Monday 15 – Saturday 29 March 2014
    Entrance Hall, King's College London, Strand Campus
    Free Entrance

    Monday 17 – Saturday 29 March 2014
    Entrance Hall, King's College London, Strand Campus
    Free Entrance

  • Symposium on Radical Adaptation

    In association with the Almeida Theatre and TAPRA | Feb. 15, 2014

    Saturday 15 February 2014
    Almeida Theatre

    Robert Icke and Duncan Macmillan’s radical new adaptation of 1984 explores how Orwell’s novel is as applicable to the here and now as it ever was.

    Join the creators of 1984 and a panel of theatre experts to explore how the process of creating a truly successful adaptation is often a very different thing from delivering the version people expect.

  • Dr Paolo Gerbaudo on Social Media and Political Activism

    Headlong and King's Cultural Institute | Nov. 12, 2013

    Dr Paolo Gerbaudo discusses the use of social media by political activists, including those involved in the Arab Spring and Occupy Wall Street. He also examines the ways in which social media can be used by the state as a tool of repression.

  • Ideology

    Sarah Grochala | Nov. 7, 2013

     Christopher Patrick Nolan, Richard Bremmer, Hara Yannas, Tim Dutton and Mark Arends in 1984. Photo: Tristram Kenton.


    Ideology shapes the way that we think and behave as members of society. An ideology is a set of conscious and unconscious ideas and beliefs that a group of people hold about the way that the world works. These ideas shape their sense of what is right and wrong. They shape their sense of what is normal and abnormal behaviour. They define their ambitions and their goals. At a deeper level, they shape their sense of reality.

  • Language

    Sarah Grochala | Oct. 14, 2013

    Gavin Spokes, Christopher Patrick Nolan, Hara Yannas, Mark Arends, Tim Dutton,  Stephen Fewell,  Mandi Symonds and Matthew Spencer in 1984. Photo: Tristram Kenton.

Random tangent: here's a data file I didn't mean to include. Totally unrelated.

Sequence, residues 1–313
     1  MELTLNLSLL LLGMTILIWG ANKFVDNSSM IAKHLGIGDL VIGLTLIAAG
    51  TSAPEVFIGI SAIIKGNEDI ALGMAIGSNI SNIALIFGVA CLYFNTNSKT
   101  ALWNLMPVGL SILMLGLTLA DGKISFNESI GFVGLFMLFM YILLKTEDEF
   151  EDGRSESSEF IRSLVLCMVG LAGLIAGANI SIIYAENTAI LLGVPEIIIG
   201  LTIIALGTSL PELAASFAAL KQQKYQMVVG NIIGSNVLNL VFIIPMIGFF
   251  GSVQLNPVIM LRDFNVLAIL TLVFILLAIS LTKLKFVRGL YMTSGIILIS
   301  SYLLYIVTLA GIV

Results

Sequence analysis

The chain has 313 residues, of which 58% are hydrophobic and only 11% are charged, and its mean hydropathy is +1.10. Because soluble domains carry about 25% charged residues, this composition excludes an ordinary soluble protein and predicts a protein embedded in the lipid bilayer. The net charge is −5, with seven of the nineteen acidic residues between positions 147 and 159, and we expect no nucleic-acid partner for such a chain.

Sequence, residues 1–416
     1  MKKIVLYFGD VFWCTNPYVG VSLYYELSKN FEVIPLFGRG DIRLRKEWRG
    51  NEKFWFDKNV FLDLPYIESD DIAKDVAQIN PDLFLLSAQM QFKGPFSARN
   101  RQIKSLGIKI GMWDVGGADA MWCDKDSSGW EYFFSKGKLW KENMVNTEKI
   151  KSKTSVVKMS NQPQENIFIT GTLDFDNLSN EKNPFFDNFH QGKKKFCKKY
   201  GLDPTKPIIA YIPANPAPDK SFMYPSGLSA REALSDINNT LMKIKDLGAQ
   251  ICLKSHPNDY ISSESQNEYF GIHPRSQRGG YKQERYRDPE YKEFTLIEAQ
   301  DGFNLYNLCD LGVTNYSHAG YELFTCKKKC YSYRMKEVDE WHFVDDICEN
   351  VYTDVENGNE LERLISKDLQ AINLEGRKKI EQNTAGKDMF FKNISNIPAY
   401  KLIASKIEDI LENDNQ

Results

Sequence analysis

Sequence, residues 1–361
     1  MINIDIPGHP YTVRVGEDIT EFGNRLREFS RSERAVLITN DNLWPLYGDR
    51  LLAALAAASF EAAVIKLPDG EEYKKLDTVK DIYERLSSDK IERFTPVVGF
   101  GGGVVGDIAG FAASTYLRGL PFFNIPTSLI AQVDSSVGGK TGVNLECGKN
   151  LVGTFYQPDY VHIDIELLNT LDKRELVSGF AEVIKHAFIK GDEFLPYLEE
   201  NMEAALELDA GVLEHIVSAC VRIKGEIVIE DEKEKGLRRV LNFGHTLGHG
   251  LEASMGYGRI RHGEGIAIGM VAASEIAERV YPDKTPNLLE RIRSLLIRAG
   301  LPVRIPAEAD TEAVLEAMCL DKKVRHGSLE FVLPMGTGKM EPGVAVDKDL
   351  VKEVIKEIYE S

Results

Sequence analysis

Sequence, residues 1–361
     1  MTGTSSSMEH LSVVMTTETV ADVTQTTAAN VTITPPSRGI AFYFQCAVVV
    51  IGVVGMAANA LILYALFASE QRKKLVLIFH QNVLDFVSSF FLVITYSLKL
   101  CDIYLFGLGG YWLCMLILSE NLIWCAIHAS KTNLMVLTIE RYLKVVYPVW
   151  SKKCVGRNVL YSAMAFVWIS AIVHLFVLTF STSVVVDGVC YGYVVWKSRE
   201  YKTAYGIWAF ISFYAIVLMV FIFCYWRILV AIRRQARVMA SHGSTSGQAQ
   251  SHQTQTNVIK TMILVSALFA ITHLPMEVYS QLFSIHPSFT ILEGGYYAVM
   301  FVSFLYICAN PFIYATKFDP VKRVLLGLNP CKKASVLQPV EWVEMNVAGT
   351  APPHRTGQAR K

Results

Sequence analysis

Language is more than simply words. It shapes the way we think. In the appendix to 1984, Orwell tells us that Newspeak is a language deliberately designed to limit the range of people’s thoughts and to make certain ideas unthinkable. It can be argued, however, that all languages, like Newspeak, limit the range of ideas that it is possible for people to understand.

  • Dr Btihaj Ajana on Privacy

    Headlong and King's Cultural Institute | Oct. 10, 2013

    Dr Btihaj Ajana discusses the importance of privacy in contemporary society and how digital technologies are changing our understanding of what privacy is.

  • Prof Alex Callinicos on 1984

    Headlong and King's Cultural Institute | Oct. 3, 2013

    Prof Alex Callinicos reveals how Orwell's politics and the world in which he lived shaped his vision of 1984.

  • Dr Btihaj Ajana on Surveillance

    Headlong and King's Cultural Institute | Sept. 27, 2013

    Dr Btihaj Ajana discusses surveillance in contemporary society and its relationship to the image of the surveillance state imagined by George Orwell in 1984.